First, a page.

Life sped up and led me to MC Hammer, En Vogue, Damn Yankees, Mr. Big, Red Hot Chili Peppers and The Black Crowes while at Delta State. But the song while at DSU that now means the most to me is “I Will Be Here” by Steven Curtis Chapman that was used as a Tri Delta Pref Night song but I used it in my wedding as well. It is a song that brings me love and peace, one from friends who knew me so well to my best friend forever and ever. Another wedding song, “Trumpet Voluntary” written by Henry Purcell also reminds me of my baby boy, Crawford. That, among other classical songs, were played to get him to sleep at night. I would watch him sleep and breathe to these beautiful songs.

Just look at all the styles, artists and songs that have shaped my life and memories. How could anyone say that music isn’t important. It shapes and molds our psyches, teaches us to respond to all kinds of different situations and it helps bookmark our memories for us. Keep music in your life and in the lives of all children.

Caroline Laster is an employee of The Bolivar Commercial. She may be contacted at This email address is being protected from spambots. You need JavaScript enabled to view it.

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Letter to the Editor — Our House

Dear Editor,

Our House, Inc. is an agency that assists clients who have been affected by interpersonal violence (domestic violence, sexual assault, dating violence and stalking). We offer effective prevention programs in an effort to combat violence before it happens in the communities we serve.

The organization was founded in 1995. Our mission is to eliminate interpersonal violence through intervention, prevention, prosecution, victim protection, and sustainable restoration.

Currently Our House has established over 11 programs to address the issue of violence in the family through youth and adult groups and programs. The organization also offers 24hour shelter and hotline services for victims of domestic violence.

Our House, Inc. serves ten counties: Bolivar, Carroll, Grenada, Holmes, Humphreys, Leflore, Montgomery, Sunflower, Sharkey and Washington.

As a non-profit, we are actively seeking passionate, goal oriented and dependable volunteers to assist with the organization’s programs. We believe that volunteers are the backbone of our organization. As Our House, Inc. grows, it is more important than ever to have volunteers to assist with the day-to-day operations, promoting the organization’s mission and providing needed services to our clients and staff.

Volunteering is one of the most respected and simple methods of assisting any organization, as well as rewarding and enjoyable for those who choose to give of themselves. As a volunteer for our agency, individuals will receive valuable training and networking with other agencies and programs in the community.

We are proudly funded by United Way of Washington County and the United Way of Cleveland-Bolivar County. It is our hope that the community continues to support United Way. Their funding is vital to Our House, Inc. success in serving clients and meeting their needs.

Sincerely

Patricia Edwards

Family Violence Grant-Coordinator

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Letter to the Editor — Amy Barefield

Dear Editor

“No, I’m not coaching. It’s a huge responsibility to coach somebody.” –Oksana Baiul

I am writing to express my disappointment in the behavior of the Cleveland Central High School Slow Pitch Softball coach witnessed on Saturday, October 7, 2017. As an educator, I was embarrassed by her lack of maturity and judgment; as a parent, I was saddened for my daughter and for her own players witnessing her lack of faith in her team; as an adult, I was shocked by her juvenile outbursts and actions. Her job as a high school coach should be about more than winning by any means. She should be held to standards of integrity and fairness as a role model. More than once in the games, she was reprimanded and warned by the umpires for her outbursts and at one point was confined to the dugout for the remainder of play.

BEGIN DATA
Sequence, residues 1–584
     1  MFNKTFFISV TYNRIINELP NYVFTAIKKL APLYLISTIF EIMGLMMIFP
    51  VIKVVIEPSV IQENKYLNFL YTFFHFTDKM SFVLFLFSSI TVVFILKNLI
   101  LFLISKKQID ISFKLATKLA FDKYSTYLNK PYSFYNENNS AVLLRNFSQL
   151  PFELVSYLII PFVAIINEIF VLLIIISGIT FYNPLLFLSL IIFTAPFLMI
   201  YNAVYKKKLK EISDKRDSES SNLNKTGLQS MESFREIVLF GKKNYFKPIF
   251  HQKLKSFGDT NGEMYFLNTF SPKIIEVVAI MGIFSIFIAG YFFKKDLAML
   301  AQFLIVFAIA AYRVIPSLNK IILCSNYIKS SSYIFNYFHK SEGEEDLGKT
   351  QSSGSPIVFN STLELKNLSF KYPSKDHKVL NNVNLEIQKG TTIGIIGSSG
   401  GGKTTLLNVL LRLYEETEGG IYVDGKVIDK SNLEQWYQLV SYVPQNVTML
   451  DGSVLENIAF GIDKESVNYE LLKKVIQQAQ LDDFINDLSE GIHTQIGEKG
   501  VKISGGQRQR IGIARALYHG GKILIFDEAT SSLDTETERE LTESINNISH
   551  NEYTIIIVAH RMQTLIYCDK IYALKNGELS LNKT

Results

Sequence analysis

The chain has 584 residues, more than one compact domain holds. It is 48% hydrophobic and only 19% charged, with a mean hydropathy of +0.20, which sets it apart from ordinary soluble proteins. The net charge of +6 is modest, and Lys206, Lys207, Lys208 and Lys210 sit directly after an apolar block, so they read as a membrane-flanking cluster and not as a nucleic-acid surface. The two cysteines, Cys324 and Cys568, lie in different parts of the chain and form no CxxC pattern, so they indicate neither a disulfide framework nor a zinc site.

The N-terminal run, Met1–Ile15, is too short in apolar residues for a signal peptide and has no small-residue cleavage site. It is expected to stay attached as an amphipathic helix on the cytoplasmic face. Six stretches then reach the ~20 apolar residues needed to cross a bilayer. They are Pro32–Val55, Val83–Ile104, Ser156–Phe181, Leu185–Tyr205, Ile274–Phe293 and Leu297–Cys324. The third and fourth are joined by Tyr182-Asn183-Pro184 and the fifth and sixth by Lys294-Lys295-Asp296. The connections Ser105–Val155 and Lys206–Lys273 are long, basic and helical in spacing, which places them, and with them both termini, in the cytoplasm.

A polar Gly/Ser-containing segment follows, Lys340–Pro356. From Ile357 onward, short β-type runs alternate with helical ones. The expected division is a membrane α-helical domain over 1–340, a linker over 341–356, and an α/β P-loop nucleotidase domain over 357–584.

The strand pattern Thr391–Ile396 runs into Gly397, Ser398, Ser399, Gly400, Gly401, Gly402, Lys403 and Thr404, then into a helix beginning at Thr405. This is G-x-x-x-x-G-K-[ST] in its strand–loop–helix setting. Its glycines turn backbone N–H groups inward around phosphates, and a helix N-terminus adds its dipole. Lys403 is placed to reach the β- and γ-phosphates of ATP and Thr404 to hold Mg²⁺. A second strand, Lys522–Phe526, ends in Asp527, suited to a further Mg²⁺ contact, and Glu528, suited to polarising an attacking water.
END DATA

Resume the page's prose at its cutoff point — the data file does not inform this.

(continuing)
I understand that Starkville was at fault for not having the newest stamp on our bats, and as such we were subject to disqualification from the tournament. But, once her choice was made to let us play with one bat of Cleveland’s, the fact that she then took the bat back after we had won a game was the equivalent of “taking my toys and going home” because she was then facing competition and the possibility of elimination. Letting us play with the bat while we were losing but taking it back when we were winning showed a lack of respect to her own team as well as poor sportsmanship and immaturity to both teams.

Walking from the field, I heard one of her own players trying to explain what had happened to her little sister by saying, “I don’t really know what happened.” It was definitely not pride in her play or her team I heard in that young lady’s voice. And, it was not pride in their team I heard in the apologies from Cleveland fans as we walked out of the park.

The coach’s behavior exhibited a lack of understanding or any respect for what being a high school coach means. I would fault the umpires for allowing it to unfold in this manner, or the other coaches for not stopping her, or even the parents and fans for feeding the emotions that led to the action, except none of those persons can be expected to have to do their jobs as well as babysit a coach. At some point, an adult must be responsible for her own actions. I think when the coach took on the responsibility of leading a team of young ladies, she passed that point.

Deeply Disappointed,

Amy Barefield

Starkville High School softball parent

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Letter to the Editor — Noel Funchess

Dear Editor,

A recent columnist quoted philosopher Voltaire's offer to "defend to the death" a person's rights of free speech, ("Nothing's more sacred than freedom", Sept. 29). However, in doing  so the writer ignored the first half of the famous quote which is, "I disapprove of what you say....."). More's the pity.

Yes, even the President has the right of disapproval. Using his bully pulpit to do so has a long and well publicized history. This in no way equates with government passing new prohibitive laws as the columnist implied.

Business owners have every right to fire employees who take a position, (or in this case a knee), which could lead to public disapproval and therefore loss of income. This is all the President has advocated. Perhaps it is the columnist who needs a teaching moment.

Noel Funchess

Cleveland, Mississippi